Saturday, May 11, 2013

STILL ITCHING, "LINCOLN", AND LUPUS

I don't think it is the pain patch! So I've narrowed it down to something Rascal picked up on his fur coat when outside in the grass and then transferring it to me. I tried cortisone cream, pimple cream (to dry it up), rubbing alcohol, etc., to get rid of the itch and stop it from spreading, but nothing worked. Then I tried antibacterial hand stuff. Stopped the itch, but I'm still getting the bumps here and there. If this doesn't clear up by mid week, I'm calling the doctor's office and letting him deal with it.
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Spent the evening with two friends last night. We had a wonderful vegetable lasagna (thanks, Julie!) and watched "Lincoln" (thanks, Chris!). The movie, like history reports, focused on slavery as the main reason of the War between the States.

 I traced my family's ancestry a few years back. During that time, I found my great-great grandfather, Emmanuel Riley, who died in that war. It was a horrible bloody battle. He was buried like so many other soldiers in an unmarked grave. His brothers all fought in the war. None of them owned slaves. They were poor. The only thing they had was farm land and a lot of mouths to feed. These were poor farmers...traced all the way down the line. These men did not fight because of slavery. They fought to hold on to the only thing they had - their land. Even in "Lincoln" a character mentions how he intends to take away the enemy's land. Of course, this isn't focused on nor emphasized for long. But the Rileys found for the land they farmed, the land that provided a home for their families and food for their children. Death came to brothers. Injuries that were not healed came to many. Widows had to struggle to care for the many children once the men were dead.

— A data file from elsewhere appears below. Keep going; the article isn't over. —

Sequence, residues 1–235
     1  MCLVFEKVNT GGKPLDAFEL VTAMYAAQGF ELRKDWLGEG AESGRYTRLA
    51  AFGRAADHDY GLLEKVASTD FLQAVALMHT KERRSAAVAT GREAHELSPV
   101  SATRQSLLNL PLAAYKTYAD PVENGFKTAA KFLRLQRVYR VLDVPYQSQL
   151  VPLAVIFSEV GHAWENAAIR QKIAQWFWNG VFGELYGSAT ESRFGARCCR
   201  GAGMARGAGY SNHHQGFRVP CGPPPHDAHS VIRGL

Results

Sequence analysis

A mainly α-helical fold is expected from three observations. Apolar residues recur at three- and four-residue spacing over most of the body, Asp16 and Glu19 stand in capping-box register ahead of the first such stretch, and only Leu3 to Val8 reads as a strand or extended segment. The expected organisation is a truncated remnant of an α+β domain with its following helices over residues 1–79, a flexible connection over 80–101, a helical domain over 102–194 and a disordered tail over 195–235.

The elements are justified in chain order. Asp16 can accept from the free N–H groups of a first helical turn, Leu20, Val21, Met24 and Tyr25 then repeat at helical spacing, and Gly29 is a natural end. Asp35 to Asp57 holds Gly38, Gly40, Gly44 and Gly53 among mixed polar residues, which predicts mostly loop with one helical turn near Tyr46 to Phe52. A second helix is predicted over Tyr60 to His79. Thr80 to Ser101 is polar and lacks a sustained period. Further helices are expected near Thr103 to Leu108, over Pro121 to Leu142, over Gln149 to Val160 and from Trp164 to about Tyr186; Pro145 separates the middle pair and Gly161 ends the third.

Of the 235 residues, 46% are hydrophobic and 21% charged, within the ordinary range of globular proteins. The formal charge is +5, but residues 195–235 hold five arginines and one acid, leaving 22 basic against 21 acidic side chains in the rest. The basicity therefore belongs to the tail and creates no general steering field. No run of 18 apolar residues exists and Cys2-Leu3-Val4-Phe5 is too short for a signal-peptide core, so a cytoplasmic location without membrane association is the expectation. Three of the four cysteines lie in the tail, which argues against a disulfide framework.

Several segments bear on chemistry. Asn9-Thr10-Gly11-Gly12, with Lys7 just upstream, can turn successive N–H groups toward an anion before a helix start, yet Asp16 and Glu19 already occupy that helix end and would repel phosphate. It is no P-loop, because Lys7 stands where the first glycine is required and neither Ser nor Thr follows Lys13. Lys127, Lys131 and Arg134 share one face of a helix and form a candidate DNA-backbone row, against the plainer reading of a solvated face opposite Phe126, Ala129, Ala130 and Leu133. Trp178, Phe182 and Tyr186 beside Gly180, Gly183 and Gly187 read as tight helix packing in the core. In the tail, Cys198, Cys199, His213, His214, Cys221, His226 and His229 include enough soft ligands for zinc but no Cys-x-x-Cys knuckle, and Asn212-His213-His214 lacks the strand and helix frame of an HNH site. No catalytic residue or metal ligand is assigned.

Just like anything political, one aspect is focused on. Just one aspect. There were many more. The Rileys were not wealthy land owners, slave owners or political men. They were just hard working farmers. So many of the men who died were simple hard working men who were just trying to save their land and protect their families. Amazing how history records only one aspect.
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The rain has been so heavy the past two days. It has brought back the lupus pain once again. How I wish I could wake up in the morning and have the strength to clean my home from top to bottom, do simple things like wash dishes, vacuum, sweep and mop. I still have boxes stored in the closet that are still unpacked. It takes all the strength I have to function on days like this, days when the rain is so heavy that it feels like an elephant is crushing my chest when I try to breathe.

How I wish people could understand how hard it is for me to function. If I do anything one day, and I do mean anything from going to the grocery store or going to a friend's house, I am physically unable to function the next day. My body shuts down. The pain is intense. I wondered for a long time if people just didn't care. Then I wondered if they just didn't listen or try to understand. I can tell a friend the rain sets off severe pain and keeps me from functioning and the same friend will ask me to do something the next day. Did she listen to anything I said? I have long since known people don't understand what it feels like unless they are going through or have gone through something similar. Can't blame them there. But sometimes I wish people understood how hard it is for me to function. If I could do things on a day to day basis, I'd be working again (something I miss terribly!).

As the rain pours down outside, I sit here in this chair typing with swollen hands, pain so bad my hair hurts, and a numb heart. Eighteen years of damage shows its ugly side when I am at my weakest. Today is one of those days.

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